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>> he announced his presidential candidacy by attacking the globalist in office. he railed against bureaucrats in brussels who were pursuing a european superstate that threatened america's national identity. he told his audience his presidency would be built on a new nationalism focusing on the forgotten americans. he wanted a wall across the entire southern border and he was denounced as a bigot -- by donald trump. pat buchanan was his name. they called him pitchfork pat and if you really want to understand the moment we're living in, go back to its roots. back to the 1990s. back when everything seemed to be humming in america. there was low unemployment, the stock market was surging, peace and prosperity for everyone to enj enjoy but that was the surface. beneath the surface there was sweeping transformation, economic, technological,
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demographic and with all of that there were rising tensions and then from the right a cable television pundit who saw a chance to take advantage of it with a new kind of populism. pat buchanan went from cnn to the presidential campaign trail in 1992 challenging george h.w. bush. he won the golf war in 1991 but buchanan said it was a waste bush wanted nafta, but buchanan said that was a sellout of workers, a sellout of america's sovereignty, america first was his slogan. a few years before ronald reagan had granted nasa ee ee eed amno came to the united states illegally but then buchanan said enough was enough. if you wanted to stop illegal immigration, he said, you needed a great big wall along the mexican border america's demographics were changing and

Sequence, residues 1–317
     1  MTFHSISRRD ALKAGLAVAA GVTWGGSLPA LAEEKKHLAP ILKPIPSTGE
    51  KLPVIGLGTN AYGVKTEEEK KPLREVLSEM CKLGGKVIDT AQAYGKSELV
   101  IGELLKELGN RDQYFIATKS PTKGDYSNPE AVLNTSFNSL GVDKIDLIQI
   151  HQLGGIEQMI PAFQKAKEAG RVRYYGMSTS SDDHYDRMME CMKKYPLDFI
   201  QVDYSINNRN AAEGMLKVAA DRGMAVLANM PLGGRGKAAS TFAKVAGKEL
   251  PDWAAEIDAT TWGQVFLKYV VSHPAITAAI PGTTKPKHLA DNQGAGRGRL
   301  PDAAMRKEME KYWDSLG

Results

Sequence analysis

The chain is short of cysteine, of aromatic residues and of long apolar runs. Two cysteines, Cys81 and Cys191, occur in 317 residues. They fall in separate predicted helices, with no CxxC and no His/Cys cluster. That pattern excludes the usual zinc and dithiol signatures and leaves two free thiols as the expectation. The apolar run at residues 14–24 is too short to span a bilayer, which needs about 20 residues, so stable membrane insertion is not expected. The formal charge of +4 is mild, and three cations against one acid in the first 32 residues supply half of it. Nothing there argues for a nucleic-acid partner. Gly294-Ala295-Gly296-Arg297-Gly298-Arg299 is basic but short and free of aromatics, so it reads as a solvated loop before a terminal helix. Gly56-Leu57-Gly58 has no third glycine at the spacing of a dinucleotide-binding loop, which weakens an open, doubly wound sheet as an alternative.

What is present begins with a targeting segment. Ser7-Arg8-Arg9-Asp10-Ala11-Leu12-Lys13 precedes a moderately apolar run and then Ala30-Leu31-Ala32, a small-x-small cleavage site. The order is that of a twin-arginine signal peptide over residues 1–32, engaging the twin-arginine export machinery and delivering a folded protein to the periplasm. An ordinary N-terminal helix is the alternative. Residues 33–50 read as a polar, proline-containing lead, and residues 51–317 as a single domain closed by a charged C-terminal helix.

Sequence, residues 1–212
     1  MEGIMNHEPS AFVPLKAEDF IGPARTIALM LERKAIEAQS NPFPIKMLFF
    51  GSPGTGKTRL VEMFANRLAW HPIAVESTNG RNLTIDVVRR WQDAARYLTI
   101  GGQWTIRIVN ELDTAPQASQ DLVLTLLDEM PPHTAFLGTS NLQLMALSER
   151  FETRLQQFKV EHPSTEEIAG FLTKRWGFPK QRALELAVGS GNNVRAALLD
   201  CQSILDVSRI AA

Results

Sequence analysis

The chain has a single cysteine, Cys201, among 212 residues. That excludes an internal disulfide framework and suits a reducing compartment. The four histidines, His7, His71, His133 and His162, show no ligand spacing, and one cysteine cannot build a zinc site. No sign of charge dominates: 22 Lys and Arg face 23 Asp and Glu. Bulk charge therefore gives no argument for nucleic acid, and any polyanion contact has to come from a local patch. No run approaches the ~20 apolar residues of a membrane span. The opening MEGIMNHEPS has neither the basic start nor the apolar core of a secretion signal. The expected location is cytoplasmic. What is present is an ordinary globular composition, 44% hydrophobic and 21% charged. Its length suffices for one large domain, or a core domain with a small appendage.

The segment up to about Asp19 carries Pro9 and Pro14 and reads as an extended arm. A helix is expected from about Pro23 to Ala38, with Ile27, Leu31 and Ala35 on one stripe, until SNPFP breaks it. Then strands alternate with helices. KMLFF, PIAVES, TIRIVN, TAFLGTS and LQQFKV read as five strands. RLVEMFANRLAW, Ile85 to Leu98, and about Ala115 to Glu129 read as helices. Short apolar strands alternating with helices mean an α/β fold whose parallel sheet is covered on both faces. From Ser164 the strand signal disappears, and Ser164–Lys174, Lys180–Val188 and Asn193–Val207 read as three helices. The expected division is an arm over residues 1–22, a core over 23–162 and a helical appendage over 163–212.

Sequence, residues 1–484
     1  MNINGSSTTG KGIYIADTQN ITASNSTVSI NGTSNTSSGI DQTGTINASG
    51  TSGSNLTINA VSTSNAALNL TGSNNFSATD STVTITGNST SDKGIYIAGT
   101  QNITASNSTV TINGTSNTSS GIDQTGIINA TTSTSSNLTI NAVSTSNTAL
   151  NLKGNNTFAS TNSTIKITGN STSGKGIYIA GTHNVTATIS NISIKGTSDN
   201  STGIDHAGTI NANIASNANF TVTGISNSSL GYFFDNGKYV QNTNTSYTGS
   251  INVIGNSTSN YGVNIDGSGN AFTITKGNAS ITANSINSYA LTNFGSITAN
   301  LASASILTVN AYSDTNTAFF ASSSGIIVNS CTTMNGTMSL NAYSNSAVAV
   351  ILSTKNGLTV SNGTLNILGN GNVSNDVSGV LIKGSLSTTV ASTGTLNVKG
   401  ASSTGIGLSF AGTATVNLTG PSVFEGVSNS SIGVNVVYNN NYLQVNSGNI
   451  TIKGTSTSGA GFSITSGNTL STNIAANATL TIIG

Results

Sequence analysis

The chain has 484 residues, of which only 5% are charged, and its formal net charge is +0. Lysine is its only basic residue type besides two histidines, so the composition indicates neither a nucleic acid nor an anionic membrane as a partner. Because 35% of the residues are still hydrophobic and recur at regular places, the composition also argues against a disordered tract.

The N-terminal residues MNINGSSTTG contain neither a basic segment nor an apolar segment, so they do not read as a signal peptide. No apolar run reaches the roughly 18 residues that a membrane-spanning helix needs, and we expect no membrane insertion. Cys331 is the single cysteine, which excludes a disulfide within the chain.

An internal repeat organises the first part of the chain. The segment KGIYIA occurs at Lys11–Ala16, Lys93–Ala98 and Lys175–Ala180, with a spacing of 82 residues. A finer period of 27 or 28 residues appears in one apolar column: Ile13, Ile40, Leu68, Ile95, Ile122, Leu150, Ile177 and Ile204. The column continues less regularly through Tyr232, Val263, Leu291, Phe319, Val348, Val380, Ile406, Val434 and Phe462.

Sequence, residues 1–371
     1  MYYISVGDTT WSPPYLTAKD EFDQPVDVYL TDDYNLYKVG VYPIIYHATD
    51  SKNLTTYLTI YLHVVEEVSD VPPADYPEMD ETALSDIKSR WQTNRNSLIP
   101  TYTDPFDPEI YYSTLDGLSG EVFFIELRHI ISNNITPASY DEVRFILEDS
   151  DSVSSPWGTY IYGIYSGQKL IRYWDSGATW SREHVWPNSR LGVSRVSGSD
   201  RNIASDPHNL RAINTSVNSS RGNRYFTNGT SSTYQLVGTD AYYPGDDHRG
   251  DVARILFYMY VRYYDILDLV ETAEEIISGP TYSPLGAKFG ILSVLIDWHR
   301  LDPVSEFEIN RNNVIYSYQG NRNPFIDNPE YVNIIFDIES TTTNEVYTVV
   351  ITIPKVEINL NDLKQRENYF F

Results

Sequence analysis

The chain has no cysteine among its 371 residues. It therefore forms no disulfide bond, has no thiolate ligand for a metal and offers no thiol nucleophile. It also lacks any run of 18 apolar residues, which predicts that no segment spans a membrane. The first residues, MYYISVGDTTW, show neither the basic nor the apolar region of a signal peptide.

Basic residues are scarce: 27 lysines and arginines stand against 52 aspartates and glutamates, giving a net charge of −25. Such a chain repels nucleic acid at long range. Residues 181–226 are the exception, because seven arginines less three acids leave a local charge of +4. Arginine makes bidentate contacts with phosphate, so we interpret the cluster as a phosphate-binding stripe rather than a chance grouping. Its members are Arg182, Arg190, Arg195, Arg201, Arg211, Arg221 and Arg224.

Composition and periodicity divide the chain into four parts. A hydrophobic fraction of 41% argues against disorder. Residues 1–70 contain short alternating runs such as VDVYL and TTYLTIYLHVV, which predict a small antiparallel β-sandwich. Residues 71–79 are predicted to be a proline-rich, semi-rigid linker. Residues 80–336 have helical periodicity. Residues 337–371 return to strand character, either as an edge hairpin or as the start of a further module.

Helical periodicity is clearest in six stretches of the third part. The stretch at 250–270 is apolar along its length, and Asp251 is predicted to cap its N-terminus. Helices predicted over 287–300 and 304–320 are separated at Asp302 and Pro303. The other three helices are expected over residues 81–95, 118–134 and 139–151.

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buchanan declared that nothing less than the country's identity was at stake. >> we must not trade in our sovereignty for a cushion seat at the head table of anybody's new world order. we call for new patriotism where americans put the needs of americans first. for a new nationalism wherein every negotiation, be it arms control or trade, the american side seeks advantage and victory for the united states. >> republican leaders stay aid way from pat buchanan, no governors endorsing him, no senators, no members of congress. what he represents, they said, that's not our party. but then came new hampshire running against a sitting president in 1992, buchanan got almost 40% of the vote and some say bush never recovered. buchanan couldn't win the nomination but he got more than three million votes in '92 and bush ended up a one-termer.
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globalization continued to speed up. the face of america continued to change. four years later in 1996, buchanan went for it again. this time bob dole was the heavy favorite but in iowa buchanan nearly knocked him off and then eight days later in new hampshire this unthinkable. pitchfork pat finished first. >> the establishment is coming together. you can hear them right now. the fax machines and phones are buzzing in washington, d.c. somebody's got to get out and take on this guy. we have to have one guy take him on. they'll come after this campaign with everything they got. do not wait for orders from headquarters. mount up, everybody and ride to the sound of the guns. >> and in that moment it seemed like pat buchanan might run away with the republican nomination. democrats were almost giddy. he was so extreme, they figured, he'd be easy to beat if he got that nomination. republicans were terrified. they were stunned to learn that so many of their own voters